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Practical Leadership Applications: Troop Leading Procedures Lessons from the Army Rate Topic: -----

#1 User is offline   Saifoda2 

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Posted 16 December 2008 - 11:39 AM

Well you guys have had some time to read and reflect on the Be Know Do thread, so now we'll jump into the next one. One of the most important things you can learn to do as a leader is to get your Troop Leading Procedures down. Troop Leading Procedures essentially means the method in which you prepare for a mission.

As Sun Tzu said, "That which is true for the small is also true for the big." He was speaking about the idea of how small unit and large unit tactics are more or less the same, but this phrase also applies to TLP's, both as a factor of time and of the size of the unit. What I mean by size, is, you can follow the same outline of the TLP in a team as small as 3 players and a team as large as the Armies at OK DDay. What I mean by time, is, you can follow the same outline of the TLP (for the most part) in as little as 1 hour or as much as a year in advance or more. It all depends on your mission.



The Troop Leading Procedures are divided into 8 steps, and they are as follows:

1: RECEIVE THE MISSION

2: ISSUE A WARNING ORDER

3: MAKE A TENTATIVE PLAN

4: START THE NECESSARY MOVEMENT

5: RECONNOITER

6: COMPLETE THE PLAN

7: ISSUE THE COMPLETE ORDER

8: SUPERVISE




For some of this you may be saying "Why do I need to reconnoiter?" or "What is necessary movement?" All of this I will explain below and again, if you have any questions, please post them here and we'll discuss them.




Step 1: Receive the Mission

You may receive the mission in a Warning Order (WARNO) Operations Order (OPORD) or a Fragmentary Order (FRAGO). I will briefly describe these three, though going into detail will be for another Practical Leadership Application thread.

Warning Order: A Warning Order, or WARNO, is more or less when your Commander gives you a heads-up about a mission coming up and as much detail as he or she can give before giving the official Operations Order. The Warning Order has no specific format, but it should answer as best as possible the 5 W's and 1 H (Who, What, Where, When, Why, and How).

Operations Order: An Operations Order, or OPORD, has a very specific format and is designed to give all the pertinent information to your players in an organized and easy to use format. The OPORD has 5 "Paragraphs," though in certain cases they may be larger than a paragraph. For example, the OPORD that was given for the Iraq invasion in 2003 was about the size of a small novel. Again, this is for another thread, so if you have questions about the OPORD, just save it for later.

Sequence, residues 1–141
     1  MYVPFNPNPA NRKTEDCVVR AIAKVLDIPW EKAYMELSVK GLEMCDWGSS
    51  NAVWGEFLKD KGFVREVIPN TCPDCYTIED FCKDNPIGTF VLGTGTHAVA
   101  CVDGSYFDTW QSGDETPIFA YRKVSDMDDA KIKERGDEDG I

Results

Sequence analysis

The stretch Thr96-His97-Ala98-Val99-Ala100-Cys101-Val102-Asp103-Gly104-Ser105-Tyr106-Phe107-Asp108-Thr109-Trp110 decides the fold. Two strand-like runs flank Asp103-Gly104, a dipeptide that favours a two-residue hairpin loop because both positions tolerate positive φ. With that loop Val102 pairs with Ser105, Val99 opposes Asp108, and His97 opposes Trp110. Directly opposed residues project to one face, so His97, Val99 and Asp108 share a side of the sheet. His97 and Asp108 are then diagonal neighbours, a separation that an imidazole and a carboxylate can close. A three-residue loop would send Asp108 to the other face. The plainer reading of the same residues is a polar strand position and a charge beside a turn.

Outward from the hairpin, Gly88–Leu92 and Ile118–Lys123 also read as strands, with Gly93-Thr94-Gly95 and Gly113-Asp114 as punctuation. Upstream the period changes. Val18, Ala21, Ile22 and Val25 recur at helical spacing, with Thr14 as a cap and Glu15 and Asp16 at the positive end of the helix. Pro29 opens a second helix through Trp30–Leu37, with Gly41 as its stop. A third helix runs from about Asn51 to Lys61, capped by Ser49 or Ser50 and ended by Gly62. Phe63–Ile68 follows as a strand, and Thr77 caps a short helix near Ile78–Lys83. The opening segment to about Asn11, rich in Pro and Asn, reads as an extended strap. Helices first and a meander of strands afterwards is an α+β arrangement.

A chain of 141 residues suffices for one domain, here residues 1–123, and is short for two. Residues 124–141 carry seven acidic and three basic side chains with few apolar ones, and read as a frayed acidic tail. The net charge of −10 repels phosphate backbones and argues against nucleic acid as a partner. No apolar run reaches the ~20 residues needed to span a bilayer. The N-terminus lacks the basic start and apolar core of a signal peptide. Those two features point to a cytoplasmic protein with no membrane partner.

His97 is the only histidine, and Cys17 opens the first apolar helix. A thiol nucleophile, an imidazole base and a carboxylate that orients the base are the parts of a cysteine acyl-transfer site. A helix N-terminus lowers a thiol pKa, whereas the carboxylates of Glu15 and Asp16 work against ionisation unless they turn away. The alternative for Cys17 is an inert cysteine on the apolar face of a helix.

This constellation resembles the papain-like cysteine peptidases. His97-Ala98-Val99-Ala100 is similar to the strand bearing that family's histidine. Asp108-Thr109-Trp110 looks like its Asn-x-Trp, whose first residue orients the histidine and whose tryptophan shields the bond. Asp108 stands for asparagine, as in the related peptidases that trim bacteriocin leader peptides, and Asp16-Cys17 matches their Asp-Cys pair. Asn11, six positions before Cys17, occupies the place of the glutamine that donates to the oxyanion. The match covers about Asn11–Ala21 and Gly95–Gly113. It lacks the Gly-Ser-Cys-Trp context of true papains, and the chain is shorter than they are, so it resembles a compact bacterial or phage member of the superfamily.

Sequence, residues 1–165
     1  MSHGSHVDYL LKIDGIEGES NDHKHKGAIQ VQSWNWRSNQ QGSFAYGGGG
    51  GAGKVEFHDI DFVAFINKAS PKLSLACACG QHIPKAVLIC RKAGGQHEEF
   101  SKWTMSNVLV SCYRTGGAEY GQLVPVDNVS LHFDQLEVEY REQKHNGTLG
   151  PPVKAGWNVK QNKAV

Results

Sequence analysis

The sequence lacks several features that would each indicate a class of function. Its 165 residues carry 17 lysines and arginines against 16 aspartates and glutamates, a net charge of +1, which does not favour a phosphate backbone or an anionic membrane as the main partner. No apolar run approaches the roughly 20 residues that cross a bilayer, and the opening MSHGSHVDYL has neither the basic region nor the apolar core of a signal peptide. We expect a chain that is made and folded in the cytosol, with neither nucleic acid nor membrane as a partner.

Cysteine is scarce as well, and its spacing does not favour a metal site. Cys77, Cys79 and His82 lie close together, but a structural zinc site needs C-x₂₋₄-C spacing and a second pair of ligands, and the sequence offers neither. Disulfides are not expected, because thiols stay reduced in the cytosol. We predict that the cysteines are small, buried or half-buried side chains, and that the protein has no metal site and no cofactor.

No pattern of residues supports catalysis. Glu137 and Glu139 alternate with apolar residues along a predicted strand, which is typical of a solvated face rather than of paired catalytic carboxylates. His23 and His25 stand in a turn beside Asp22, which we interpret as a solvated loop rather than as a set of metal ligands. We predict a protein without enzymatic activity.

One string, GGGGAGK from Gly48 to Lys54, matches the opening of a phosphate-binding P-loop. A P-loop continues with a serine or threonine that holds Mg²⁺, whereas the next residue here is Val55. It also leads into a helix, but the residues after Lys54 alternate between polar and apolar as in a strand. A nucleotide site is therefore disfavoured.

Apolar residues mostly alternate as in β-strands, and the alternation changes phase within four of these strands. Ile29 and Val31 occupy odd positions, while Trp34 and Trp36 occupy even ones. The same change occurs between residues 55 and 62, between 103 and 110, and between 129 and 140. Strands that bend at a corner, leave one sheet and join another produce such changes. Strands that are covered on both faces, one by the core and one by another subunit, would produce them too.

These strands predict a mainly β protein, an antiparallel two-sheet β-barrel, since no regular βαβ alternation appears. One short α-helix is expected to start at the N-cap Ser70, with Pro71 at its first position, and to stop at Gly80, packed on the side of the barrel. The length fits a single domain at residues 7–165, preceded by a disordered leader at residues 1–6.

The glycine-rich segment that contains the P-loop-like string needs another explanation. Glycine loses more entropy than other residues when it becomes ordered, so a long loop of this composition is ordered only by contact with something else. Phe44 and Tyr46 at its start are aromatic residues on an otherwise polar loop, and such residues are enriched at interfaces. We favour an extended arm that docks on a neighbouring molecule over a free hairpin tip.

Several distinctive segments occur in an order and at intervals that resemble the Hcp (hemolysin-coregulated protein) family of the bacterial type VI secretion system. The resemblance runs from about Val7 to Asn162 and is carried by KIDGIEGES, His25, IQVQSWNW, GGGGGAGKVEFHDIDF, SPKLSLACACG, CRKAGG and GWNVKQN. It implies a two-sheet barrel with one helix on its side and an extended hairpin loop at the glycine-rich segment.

Fragmentary Order: A Fragmentary Order, or FRAGO, is an addition to an OPORD or WARNO. For example, if you receive a WARNO and all that it has is the What Where and Why, you may receive a FRAGO that includes the Who, When, and How. Also, if you received an OPORD and began to carry out the mission, you may receive a FRAGO during the mission that will change something in the order. Fragmentary, from the word Fragment, isn't derived from a grenade, but rather means a piece of something pertaining to the original.


Okay, back on task. You receive your mission as a WARNO, OPORD, or FRAGO, and as soon as you do you must begin to analyze it using METT-TC. METT-TC stands for...

Mission
Enemy
Terrain
Troops available
Time
and Civilian considerations.

There are hardly ever "civilians" on a paintball field, but occasionally you may have to deal with hostages as part of a scenario.

Mission: What is the mission objective? This is your primary factor to consider when creating your plan. If your mission is "take the base" then everything else revolves around that. If your mission is "patrol the wood line" then everything else revolves around that. The mission is always first takes on a new meaning for leaders.

Enemy: We try to avoid using words like "Enemy" and "Kill" and "Gun," so if you will excuse the expression.... This section is pretty simple: How many are there, what is/are their skill level(s), what is their composition (do they have pumps, semi's or electros, do they have rockets, mortars, grenades, tanks, etc... and how many), their location(s), their activity (what will they be doing) and their probable course of action on contact (will they fight back, disperse, retreat, etc....)

Terrain: There can be a lot of issues with terrain. This includes weather forecast, position of the sun during the operation, illumination from the moon (if it is a night mission), wind speed, wind direction. All of this you can find out. Of course, use your common sense. If you have 1 hour to complete your TLP, is it really necessary to find out the speed of the wind? No, you would probably serve your team better by focusing your efforts on other activities of the TLP.

Troops available: Pretty simple. Same concept as the Enemy section -- how many, composition, skill level, etc.... Most of this you should know right away.

Time: Missions are given in one of 2 formats, in a "complete at such and such a time," or a "complete no later than (NLT)" format. Essentially the differences here will be that the smaller the unit, the more frequently the former will be used and NLT will be used more often with larger units. The time of the mission is very important because this will tell you "Do I have 1 hour or 5?" "Do I have 1 week or a year?" This usually depends on the operation. For Oklahoma D-Day, you will more than likely receive an OPORD from your higher Commanders (or perhaps you are the highest commander and will give it yourself) at least a year out, if you want to be well prepared. Nobody is going to call you and say "yeah, you've got 5 hours to prepare for Oklahoma D-Day -- we're leaving tomorrow morning."